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Publication numberUS3894998 A
Publication typeGrant
Publication dateJul 15, 1975
Filing dateJan 11, 1973
Priority dateJan 11, 1973
Also published asCA1023920A1, DE2401295A1, DE2401295C2
Publication numberUS 3894998 A, US 3894998A, US-A-3894998, US3894998 A, US3894998A
InventorsPhillip P Spiegelman
Original AssigneeDu Pont
Export CitationBiBTeX, EndNote, RefMan
External Links: USPTO, USPTO Assignment, Espacenet
Multiple stage reactor system
US 3894998 A
Abstract
Improved reaction system in which the reaction is cooled by vaporization of a volatile component, including at least two reaction vessels and a vapor feedback from a downstream reaction vessel to an upstream reaction vessel.
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Description  (OCR text may contain errors)

United States Patent Spiegelman MULTIPLE STAGE REACTOR SYSTEM Inventor: Phillip P. Spiegelman, Wilmington,

Del.

E. l. du Pont de Nemours & C0., Wilmington. Del.

Filed: Jan. 11, 1973 Appl. No.: 322,758

Assignee:

US. Cl...... 260/8018; 260/882 R; 260/949 P Int. Cl. C08l 15/04; C08f 15/40 Field of Search 260/8078, 88.2

References Cited UNITED STATES PATENTS 2/1963 Wisseroth et a1 H 260/921 EVAPORAYIVE' COOLIllE LOOP [4 1 July 15, 1975 3,523,929 8/1970 Paige et a1. 260/8078 3.635.919 1/1972 Goffinet i i 4 260/8038 3.681306 8/1972 Wehner .1 260/8078 Primary Examiner.loseph L. Schofer Assistant Examiner-A. L. Clingman [57] ABSTRACT Improved reaction system in which the reaction is cooled by vaporization of a volatile component, including at least two reaction vessels and a vapor feedback from a downstream reaction vessel to an upstream reaction vessel.

6 Claims, 2 Drawing Figures HONOMR RECOVERY SHEET WZZZPEZ MULTIPLE STAGE REACTOR SYSTEM BACKGROUND OF THE INVENTION In certain exothermic chemical reactions, it has previously been found advantageous to use vaporization of the more volatile chemical reactants to remove the heat generated by the reaction. Such a system is described. for example, in US. Pat. No. 3,078,26I. After vaporization of the reactant. the vapor is condensed for return to the reaction vessel. This type of cooling mechanism is applicable to those reactions which are exothermic and in which at least one reactant is more volatile than the diluent or the products formed.

It is long recognized that increases in reactant con centration in a given reaction will generally result in corresponding increases in the reaction rate. Accordingly. attempts to increase the efficiency of manufacturing operations have included such increased concentrations. Multiple stage reaction systems have been used to take advantage of the benefits ofincreased concentrations. but the material balance required for the preparation of some products in a continuous closed recycle system cannot be satisfied. This problem is particularly acute in the preparation of copolymers where one monomer is substantially more reactive than the other. In addition, increased concentrations frequently have resulted in larger amounts of unreacted materials that need to be separated from the final product, which tended to counter-balance the beneficial effect of the faster reaction rates.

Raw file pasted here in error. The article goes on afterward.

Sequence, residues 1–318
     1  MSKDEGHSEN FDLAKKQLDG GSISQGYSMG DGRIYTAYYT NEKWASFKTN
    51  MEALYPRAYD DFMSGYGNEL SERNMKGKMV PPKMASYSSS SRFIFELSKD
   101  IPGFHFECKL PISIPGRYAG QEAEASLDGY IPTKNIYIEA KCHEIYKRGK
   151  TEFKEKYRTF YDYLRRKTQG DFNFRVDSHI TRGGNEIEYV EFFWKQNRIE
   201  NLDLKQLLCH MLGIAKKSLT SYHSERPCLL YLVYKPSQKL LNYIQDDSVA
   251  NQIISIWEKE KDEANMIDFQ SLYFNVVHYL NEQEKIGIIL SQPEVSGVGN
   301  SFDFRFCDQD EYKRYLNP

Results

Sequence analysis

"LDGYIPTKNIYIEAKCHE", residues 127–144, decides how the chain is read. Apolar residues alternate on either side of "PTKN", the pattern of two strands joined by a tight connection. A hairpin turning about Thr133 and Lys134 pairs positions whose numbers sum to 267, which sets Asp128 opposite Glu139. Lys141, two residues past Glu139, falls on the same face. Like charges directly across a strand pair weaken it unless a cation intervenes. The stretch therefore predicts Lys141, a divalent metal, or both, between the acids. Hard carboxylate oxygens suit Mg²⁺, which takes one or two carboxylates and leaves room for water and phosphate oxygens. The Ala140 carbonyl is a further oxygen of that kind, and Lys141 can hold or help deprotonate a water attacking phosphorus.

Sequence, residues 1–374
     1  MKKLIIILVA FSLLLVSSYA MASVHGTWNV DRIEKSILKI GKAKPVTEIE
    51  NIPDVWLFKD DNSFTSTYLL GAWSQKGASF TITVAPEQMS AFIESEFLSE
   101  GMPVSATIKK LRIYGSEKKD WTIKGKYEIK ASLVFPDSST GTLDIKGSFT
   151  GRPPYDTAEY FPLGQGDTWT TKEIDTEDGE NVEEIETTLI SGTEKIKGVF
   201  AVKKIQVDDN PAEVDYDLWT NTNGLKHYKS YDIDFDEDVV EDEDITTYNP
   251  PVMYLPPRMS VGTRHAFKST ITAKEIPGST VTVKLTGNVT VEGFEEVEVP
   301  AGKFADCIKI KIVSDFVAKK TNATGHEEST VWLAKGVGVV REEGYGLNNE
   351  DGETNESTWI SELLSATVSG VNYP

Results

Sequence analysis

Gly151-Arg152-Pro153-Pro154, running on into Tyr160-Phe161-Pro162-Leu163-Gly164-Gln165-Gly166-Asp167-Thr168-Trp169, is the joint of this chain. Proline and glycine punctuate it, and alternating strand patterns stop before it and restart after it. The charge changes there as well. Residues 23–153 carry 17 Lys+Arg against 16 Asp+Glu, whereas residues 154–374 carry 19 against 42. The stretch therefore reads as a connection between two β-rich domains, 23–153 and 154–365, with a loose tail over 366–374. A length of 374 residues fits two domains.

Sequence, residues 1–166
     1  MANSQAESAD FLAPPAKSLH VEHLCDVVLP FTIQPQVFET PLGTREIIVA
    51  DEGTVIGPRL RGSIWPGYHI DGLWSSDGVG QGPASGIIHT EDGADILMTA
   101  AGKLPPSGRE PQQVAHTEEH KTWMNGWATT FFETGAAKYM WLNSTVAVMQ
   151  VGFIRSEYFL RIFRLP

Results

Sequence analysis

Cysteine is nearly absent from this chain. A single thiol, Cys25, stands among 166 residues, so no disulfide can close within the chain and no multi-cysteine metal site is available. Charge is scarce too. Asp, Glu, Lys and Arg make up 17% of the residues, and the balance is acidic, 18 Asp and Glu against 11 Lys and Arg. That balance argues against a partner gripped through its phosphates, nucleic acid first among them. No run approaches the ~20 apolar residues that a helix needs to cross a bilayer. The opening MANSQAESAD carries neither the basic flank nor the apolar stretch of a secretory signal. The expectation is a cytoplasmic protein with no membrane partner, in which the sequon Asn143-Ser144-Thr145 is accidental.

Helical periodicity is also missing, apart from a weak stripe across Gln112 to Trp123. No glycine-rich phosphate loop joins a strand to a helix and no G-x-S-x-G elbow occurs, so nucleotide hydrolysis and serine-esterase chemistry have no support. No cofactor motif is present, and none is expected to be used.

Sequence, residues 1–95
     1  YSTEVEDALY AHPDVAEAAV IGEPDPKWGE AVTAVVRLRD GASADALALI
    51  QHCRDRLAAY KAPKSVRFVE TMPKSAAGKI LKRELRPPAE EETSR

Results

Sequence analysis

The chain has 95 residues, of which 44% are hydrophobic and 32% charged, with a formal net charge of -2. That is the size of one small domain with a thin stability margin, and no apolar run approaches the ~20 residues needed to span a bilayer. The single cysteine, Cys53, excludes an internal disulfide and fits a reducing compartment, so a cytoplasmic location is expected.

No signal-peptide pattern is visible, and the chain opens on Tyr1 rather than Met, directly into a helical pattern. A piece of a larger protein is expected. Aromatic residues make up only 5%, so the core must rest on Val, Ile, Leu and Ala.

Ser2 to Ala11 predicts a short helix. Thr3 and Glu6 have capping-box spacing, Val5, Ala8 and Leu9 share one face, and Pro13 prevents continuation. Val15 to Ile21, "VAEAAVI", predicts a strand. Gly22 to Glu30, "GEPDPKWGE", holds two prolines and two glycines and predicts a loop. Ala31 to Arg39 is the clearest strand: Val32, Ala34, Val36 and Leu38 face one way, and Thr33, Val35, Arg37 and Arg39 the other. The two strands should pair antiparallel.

SUMMARY OF THE INVENTION The present invention provides an improved polymerization reaction system of the type using vaporization of a reactant to cool the exothermic reaction. This reaction system results in increased catalyst efficiency as well as a marked reduction in the amount of unreacted materials to be separated from the final product.

Specifically. the present invention provides an improvement in a process for bringing together at least two reactants which react exothermically and in which at least one of the reactants is more volatile than the product of the reaction or the diluent, and wherein the reaction is cooled by vaporization of at least one reactant and wherein the vaporized reactant is subsequently condensed and returned to the reaction vessel, the improvement which comprises carrying out the reaction in at least two sequential reactors in which at least about IO weight percent of the product is formed in each reactor. the improvement further comprising a vapor feedback by which at least a portion of the vaporized reactant from at least one downstream reactor is directly returned to at least one upstream reactor.

BRIEF DESCRIPTION OF THE DRAWINGS FIG. 1 is a schematic illustration of an apparatus that can be used in the present invention. incorporating two sequentially connected evaporatively cooled reactors with a vapor feedback between the downstream reactor and the upstream reactor.

FIG. 2 is a schematic illustration of a single evaporatively cooled reactor.